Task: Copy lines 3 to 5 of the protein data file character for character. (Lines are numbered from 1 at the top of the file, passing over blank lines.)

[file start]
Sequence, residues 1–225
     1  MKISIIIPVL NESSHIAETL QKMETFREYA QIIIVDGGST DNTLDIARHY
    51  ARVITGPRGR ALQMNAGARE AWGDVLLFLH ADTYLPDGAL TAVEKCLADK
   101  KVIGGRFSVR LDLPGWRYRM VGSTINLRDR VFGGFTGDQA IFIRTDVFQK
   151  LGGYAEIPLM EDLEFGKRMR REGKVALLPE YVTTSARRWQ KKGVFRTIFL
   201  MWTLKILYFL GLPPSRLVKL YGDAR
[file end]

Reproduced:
    51  ARVITGPRGR ALQMNAGARE AWGDVLLFLH ADTYLPDGAL TAVEKCLADK
   101  KVIGGRFSVR LDLPGWRYRM VGSTINLRDR VFGGFTGDQA IFIRTDVFQK
   151  LGGYAEIPLM EDLEFGKRMR REGKVALLPE YVTTSARRWQ KKGVFRTIFL